Don't look now, but evidence of progress in the war on terror is just about
everywhere. Last week CIA director Michael Hayden noted some U.S. accomplishments for the Washington Post:
"Near strategic defeat of al-Qaeda in Iraq. Near strategic defeat for
al-Qaeda in Saudi Arabia.
Significant setbacks for al-Qaeda globally." USA
Today: Attacks in Iraq
are "down 70 percent since President Bush ordered a U.S. troop
increase, or 'surge,' early last year."
The New Yorker's Lawrence Wright devoted a long essay to Sayyid Imam
al-Sharif, onetime mentor to Ayman al Zawahiri, who now criticizes his former
protégé and Osama bin Laden and suggests they be put on trial. In the New Republic, Peter Bergen and Paul Cruickshank
told the story of Sheikh Salman al-Awdah, author of an open letter attacking
bin Laden and violent jihad that has caused shockwaves across the Muslim world.
The sheikhs of Anbar Province in Iraq lead a national,
transsectarian movement preparing for provincial elections by the end of the
year. Polling shows a widespread decline in support among Muslims for suicide
bombing and for bin Laden. Fareed Zakaria observed that the number of Islamist
attacks worldwide has declined precipitously since 2004.
How did this happen? It is partly due to Muslim outrage at al Qaeda's
killing of its coreligionists. It is partly due to Muslim rejection of al
Qaeda's malign interpretation of Islam. For these reasons, Bergen and Cruickshank wrote that
"encoded in the DNA of apocalyptic jihadist groups like Al Qaeda are the
seeds of their own long-term destruction."
True. But such seeds must be sown, watered, and tended. Read the authors
mentioned above, and you would think that al Qaeda's troubles sprung up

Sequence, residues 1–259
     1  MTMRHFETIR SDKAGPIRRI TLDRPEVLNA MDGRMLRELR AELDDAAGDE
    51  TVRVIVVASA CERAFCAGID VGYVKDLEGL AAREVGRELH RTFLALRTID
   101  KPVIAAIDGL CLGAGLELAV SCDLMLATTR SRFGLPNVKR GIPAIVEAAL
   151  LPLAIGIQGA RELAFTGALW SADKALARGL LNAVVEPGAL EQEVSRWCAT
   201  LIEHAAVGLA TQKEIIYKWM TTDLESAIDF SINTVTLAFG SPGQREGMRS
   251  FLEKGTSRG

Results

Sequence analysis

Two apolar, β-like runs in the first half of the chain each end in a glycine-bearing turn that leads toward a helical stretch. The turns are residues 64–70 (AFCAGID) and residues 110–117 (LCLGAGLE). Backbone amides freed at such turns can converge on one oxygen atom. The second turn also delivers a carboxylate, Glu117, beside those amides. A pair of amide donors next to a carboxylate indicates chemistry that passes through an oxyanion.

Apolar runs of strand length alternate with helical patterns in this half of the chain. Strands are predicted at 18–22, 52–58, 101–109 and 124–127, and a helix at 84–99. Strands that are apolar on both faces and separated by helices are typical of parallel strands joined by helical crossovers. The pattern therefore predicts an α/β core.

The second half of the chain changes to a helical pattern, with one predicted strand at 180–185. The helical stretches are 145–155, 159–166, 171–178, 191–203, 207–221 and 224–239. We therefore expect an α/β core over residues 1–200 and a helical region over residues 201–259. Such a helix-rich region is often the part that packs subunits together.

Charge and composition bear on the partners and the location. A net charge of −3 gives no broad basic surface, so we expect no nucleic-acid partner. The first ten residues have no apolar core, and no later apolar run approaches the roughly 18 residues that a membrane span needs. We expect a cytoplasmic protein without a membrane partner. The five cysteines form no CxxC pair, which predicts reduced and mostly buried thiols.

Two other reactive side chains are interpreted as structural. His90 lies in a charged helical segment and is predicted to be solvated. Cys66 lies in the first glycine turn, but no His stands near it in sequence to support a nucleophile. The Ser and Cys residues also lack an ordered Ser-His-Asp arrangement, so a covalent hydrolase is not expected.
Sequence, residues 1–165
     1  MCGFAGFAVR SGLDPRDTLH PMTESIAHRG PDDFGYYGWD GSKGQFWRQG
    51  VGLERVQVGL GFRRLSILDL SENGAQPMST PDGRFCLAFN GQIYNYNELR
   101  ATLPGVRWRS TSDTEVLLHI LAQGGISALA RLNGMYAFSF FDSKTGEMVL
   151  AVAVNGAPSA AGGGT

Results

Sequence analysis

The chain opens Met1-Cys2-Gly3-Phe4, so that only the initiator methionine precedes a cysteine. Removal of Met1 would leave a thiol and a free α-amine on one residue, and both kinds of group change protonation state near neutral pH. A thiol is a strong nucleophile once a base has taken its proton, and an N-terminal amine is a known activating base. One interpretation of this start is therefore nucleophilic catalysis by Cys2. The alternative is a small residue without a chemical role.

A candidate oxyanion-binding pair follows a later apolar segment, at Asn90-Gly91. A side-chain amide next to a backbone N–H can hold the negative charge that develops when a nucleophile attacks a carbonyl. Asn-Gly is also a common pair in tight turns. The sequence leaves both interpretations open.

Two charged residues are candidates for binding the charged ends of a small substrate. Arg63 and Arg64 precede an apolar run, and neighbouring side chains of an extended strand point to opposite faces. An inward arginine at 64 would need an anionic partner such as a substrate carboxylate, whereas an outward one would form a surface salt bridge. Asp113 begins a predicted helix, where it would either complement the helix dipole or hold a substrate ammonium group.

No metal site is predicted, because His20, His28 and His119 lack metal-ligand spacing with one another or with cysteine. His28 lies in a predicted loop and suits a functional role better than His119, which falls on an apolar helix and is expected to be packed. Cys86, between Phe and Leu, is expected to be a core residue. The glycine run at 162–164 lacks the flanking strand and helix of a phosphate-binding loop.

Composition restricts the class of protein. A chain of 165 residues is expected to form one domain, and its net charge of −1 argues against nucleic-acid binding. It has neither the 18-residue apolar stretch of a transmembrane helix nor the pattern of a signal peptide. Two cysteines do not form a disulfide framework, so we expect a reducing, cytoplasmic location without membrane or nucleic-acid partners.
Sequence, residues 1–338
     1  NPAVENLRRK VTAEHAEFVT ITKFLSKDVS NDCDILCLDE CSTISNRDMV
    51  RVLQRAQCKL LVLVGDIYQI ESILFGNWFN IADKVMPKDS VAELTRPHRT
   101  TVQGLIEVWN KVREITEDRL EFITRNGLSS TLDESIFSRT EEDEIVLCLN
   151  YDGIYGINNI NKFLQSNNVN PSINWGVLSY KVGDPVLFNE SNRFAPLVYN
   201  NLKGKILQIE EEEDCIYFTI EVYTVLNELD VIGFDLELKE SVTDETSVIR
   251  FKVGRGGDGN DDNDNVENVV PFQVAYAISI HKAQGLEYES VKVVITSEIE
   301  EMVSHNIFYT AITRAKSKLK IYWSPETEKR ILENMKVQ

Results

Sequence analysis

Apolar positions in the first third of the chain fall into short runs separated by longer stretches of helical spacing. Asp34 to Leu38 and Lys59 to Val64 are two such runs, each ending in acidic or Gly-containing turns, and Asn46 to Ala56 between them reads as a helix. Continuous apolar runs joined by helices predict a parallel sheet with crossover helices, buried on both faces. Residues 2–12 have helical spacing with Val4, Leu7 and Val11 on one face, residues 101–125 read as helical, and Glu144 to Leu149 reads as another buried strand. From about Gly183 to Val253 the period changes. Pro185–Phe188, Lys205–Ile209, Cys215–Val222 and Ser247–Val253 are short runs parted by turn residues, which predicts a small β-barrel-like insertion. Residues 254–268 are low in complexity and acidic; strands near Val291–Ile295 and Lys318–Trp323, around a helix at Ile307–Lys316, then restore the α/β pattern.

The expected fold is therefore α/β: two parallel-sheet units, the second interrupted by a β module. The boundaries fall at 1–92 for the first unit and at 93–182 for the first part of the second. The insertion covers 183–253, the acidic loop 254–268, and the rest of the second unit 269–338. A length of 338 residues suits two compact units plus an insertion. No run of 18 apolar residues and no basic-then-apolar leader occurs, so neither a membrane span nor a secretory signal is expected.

overnight. They did not. Its troubles cannot be separated from U.S.
counterterrorism policy. From President Bush's policy.
After 9/11, the president mobilized all forms of American power against bin
Laden and his global jihadist movement. The constant pressure--cutting off the
movement's funding, bringing down the Taliban regime in Afghanistan, hunting down jihadist affiliates in
and the Horn of Africa, spying on the terrorists' global communications--put
the enemy on the defensive for the first time.
Then the president denied the jihadists an ally by removing Saddam Hussein
from power in Iraq.
Bin Laden declared Iraq the
"central front" of his war against the West, and the Sunni insurgency
helped Al Qaeda in Iraq
gain a foothold there. Bush changed strategy last year, sending reinforcements
and ordering General Petraeus to secure the country's population. The results
have been dramatic. By the time the first reinforcements arrived in Iraq, the
Anbaris were already turning against al Qaeda. The Americans helped to almost
completely eliminate the group in Anbar. Al Qaeda in Iraq is on the run. It has been
denied its strategic goal of establishing an Islamic State of Iraq. Its black
flag flies no more there.
What once seemed a war between jihadists and the West is now a war between
jihadists and Muslims who reject terrorism. Bin Laden is close to losing this
fight on his central front. Al Qaeda is no longer the attractive "strong
horse" of bin Laden's December 2001 metaphor. It is that fact, more than
any other, that accounts for his movement's current disarray.
But a global war has many fronts. Progress in one battle is
often accompanied by setbacks in another. Al Qaeda may be on the brink of
defeat, but its leadership maintains a safe haven along Pakistan's
northwest frontier. In Afghanistan,
Coalition forces continue to fight al Qaeda, the Taliban, and other agents of
state failure. Meanwhile, the Iranian theocracy moves steadily forward in its
quest for nuclear weapons. Iran's
proxies in Iraq, Gaza, and Lebanon
commit murder in the pursuit of illiberal ends. A disturbing number of European
Muslims are sympathetic to the jihadists and are a potential source of fresh
recruits. And a precipitous withdrawal from Iraq would erase all of the
progress that has been made in the last year and a half. A precipitous
withdrawal would provide aid and comfort to al Qaeda.
The left's analysis of jihadism has been proved incorrect at every turn. It
argued military power would be ineffective against the terrorists. Wrong. It
argued that intervention in Iraq
would energize bin Laden's movement. That movement is in shambles. The left
was a lost cause. It isn't. The left argues that a "war on terrorism"
is futile, that defeat is inevitable, because terrorism is a "tactic,"
not an enemy. Nonsense. President Bush has demonstrated through perseverance
and (more often than not) sound policy that the war on terror can be won. And
right now we're winning it.